Rejecting the petitioner's claim that the TT used an arbitrary or capricious valuation standard, and concluding that competent, material, and substantial evidence supported its determinations of the property's value, the court affirmed the TT's order assessing the property for the 2010-12 tax years. The hearing referee found a 2010 TCV of $151,600, a 2011 TCV of $159,800, and a 2012 TCV of $156,800. The TT affirmed the referee's findings. The court initially noted that, "contrary to petitioner's suggestion that MCL 211.27 allows for an arbitrary calculation" of TCV, the Legislature supplied direction for determining TCV in MCL 211.27(1). While the Legislature provided a broad definition of TCV and "'listed a variety of factors to be considered in the valuation determination,'" it "'did not direct that specific methods be used.'" The Michigan Supreme Court summarized the approved methods of fair market valuation in Meadowlanes. In claiming that the TT's decision here was arbitrary and capricious, petitioner referenced a prior dispute involving the property as to tax years 2006-09, in which the TT used a "cost-less-depreciation" approach to valuation. However, the fact that the TT "previously valued petitioner's property by utilizing the cost-less-depreciation method of assessment did not render arbitrary or capricious its use of a different valuation approach" for the 2010-12 tax years, especially when it pursued another court-sanctioned method of determining the property value, the "sales-comparison or market" method. The TT "is not required to use the same valuation method in every instance" - it is only required to determine the property's TCV, which was what it did here. The TT considered the evidence about a comparable property that petitioner submitted for the 2010 tax year. In reaching the 2011 and 2012 assessment amounts, it "relied on detailed sales comparison analyses that respondent submitted," which the TT deemed accurate and reliable. "Although petitioner introduced evidence of two allegedly comparable property listings relevant to the 2011 and 2012 tax years, it offered no sales-comparison analysis or analysis illustrating another recognized method for ascertaining property values." Because "more than a scintilla of evidence" supported the TT's findings of fact, the court deemed them conclusive. Petitioner failed to show that anything relating to the valuation of its property violated its constitutional right to due process or rights under the Ninth Amendment, and abandoned its "taking" claim.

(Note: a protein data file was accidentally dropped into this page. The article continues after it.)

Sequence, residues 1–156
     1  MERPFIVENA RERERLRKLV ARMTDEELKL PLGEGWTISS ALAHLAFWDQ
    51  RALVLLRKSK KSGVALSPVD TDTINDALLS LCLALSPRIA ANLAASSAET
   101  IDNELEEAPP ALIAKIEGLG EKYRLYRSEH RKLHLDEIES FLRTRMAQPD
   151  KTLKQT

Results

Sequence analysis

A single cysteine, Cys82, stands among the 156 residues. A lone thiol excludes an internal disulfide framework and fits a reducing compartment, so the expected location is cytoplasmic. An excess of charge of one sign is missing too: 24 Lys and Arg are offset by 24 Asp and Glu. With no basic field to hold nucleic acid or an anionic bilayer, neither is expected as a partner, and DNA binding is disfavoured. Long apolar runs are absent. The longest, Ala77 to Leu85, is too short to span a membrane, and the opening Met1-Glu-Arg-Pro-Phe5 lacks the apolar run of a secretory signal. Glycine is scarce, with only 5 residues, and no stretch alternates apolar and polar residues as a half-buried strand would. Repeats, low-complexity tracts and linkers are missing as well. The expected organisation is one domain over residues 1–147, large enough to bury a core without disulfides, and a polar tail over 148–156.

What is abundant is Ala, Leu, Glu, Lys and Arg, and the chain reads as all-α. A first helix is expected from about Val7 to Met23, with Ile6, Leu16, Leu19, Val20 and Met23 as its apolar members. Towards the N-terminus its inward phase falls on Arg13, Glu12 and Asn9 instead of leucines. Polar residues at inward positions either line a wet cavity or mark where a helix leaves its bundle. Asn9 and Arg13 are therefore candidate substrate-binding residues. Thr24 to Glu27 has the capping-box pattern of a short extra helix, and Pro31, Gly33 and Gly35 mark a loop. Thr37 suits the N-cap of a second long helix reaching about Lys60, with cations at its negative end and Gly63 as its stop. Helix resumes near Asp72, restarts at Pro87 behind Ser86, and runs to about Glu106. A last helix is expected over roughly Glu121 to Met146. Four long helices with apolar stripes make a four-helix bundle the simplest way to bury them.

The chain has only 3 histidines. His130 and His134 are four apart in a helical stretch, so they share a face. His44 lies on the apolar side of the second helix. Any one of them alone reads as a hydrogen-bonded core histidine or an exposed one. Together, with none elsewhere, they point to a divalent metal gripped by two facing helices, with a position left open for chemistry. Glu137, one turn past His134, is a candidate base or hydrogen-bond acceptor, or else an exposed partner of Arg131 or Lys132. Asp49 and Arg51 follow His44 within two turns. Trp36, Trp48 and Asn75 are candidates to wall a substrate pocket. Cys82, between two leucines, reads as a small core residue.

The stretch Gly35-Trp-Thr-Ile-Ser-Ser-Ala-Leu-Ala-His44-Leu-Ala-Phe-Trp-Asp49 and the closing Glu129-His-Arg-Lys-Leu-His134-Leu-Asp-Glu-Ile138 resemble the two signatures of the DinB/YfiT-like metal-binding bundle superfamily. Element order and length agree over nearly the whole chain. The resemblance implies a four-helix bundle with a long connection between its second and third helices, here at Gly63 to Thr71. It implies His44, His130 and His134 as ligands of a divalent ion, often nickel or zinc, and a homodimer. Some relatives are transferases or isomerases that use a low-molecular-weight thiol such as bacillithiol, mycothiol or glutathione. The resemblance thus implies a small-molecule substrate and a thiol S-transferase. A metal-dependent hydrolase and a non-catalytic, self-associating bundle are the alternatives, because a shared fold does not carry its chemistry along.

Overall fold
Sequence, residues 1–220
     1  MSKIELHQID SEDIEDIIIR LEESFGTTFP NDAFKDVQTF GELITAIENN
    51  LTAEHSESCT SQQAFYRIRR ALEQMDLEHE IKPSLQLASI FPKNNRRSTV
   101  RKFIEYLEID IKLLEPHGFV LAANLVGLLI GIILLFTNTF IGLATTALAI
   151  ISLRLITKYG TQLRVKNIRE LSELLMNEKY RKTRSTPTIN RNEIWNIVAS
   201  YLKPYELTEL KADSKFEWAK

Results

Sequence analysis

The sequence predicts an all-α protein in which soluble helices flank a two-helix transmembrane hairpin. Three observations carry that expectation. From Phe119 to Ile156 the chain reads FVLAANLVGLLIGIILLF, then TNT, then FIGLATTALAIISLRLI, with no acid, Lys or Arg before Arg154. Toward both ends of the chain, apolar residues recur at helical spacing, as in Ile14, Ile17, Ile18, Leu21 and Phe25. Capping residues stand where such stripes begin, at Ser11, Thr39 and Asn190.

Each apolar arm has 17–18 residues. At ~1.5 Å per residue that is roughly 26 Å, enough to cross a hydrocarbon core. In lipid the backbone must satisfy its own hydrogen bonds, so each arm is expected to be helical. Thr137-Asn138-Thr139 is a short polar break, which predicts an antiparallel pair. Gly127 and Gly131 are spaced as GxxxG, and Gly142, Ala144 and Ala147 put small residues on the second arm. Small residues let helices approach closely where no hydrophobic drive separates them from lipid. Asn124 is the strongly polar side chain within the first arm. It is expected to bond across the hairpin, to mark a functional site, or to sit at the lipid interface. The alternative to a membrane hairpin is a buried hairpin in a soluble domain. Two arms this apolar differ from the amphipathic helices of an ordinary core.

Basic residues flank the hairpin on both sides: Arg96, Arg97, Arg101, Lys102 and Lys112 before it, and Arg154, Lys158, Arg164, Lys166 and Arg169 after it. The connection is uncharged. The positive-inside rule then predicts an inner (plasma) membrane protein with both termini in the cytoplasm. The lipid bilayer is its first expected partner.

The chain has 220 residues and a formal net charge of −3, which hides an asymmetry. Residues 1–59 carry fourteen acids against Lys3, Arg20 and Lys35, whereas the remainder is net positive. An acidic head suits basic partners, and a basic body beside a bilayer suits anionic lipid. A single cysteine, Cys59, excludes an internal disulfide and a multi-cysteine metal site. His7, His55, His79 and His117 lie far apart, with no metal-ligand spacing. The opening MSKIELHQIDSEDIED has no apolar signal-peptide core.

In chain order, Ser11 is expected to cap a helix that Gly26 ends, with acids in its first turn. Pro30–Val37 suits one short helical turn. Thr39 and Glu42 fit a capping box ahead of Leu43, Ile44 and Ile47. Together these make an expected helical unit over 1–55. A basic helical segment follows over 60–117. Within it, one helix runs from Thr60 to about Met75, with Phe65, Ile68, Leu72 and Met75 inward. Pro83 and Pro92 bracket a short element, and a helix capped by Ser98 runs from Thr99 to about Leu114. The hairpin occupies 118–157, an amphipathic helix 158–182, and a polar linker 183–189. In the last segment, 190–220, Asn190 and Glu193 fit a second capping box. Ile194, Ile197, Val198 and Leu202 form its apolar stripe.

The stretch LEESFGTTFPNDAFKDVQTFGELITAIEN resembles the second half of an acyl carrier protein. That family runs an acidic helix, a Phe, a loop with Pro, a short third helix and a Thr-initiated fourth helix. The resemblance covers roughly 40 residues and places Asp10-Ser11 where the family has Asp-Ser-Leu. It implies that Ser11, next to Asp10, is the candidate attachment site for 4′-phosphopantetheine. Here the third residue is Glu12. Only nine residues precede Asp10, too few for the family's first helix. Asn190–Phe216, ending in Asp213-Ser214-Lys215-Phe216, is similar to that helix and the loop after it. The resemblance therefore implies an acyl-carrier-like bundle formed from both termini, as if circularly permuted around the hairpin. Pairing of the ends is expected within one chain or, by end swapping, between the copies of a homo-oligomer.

Full Text Opinion

Issues: Successor liability; MCL 205.27a(1); STC, Inc. v. Department of Treasury; Mackey v. Department of Human Servs.; Review of Tax Tribunal (TT) decisions; Podmajersky v. Department of Treasury; Credibility determinations; Detroit Lions, Inc. v. City of Dearborn; Statutory interpretation; Ford Motor Co. v. City of Woodhaven; Lafarge Midwest, Inc. v. Detroit; Fair market value (FMV); Market value (MV)

Court: Michigan Court of Appeals (Unpublished)

Case Name: PJ Hospitality, Inc. v. Department of Treasury

e-Journal Number: 57525

Judge(s): Per Curiam – Donofrio, Gleicher, and M.J. Kelly


Because the TT did not commit an error of law or adopt a wrong legal principle and its factual findings were supported by competent, material, and substantial evidence, the court affirmed the TT's opinion and judgment upholding the respondent's assessment of successor liability to petitioner. Before 2007, SC owned a restaurant. C in turn owned SC. In 2007, petitioner, also owned by C, purchased all of SC's business. Respondent assessed petitioner with SC's Michigan tax liability on the basis of it being a successor entity under MCL 205.27a(1). The referee concluded that respondent's assessment was proper. The court held that it was undisputed that petitioner was liable for SC's liability because "it did not escrow any funds in conjunction with the business purchase. While normally, petitioner's liability would have been limited" to the FMV of the business acquired, petitioner offered no evidence of the MV. Finally, the existence of any superior federal tax liens was "of no consequence because the statute only allows for any offset of successor liability when proceeds from the sale are applied to such superior liens," and there was no evidence that any part of the proceeds were applied in this manner.


Full Text Opinion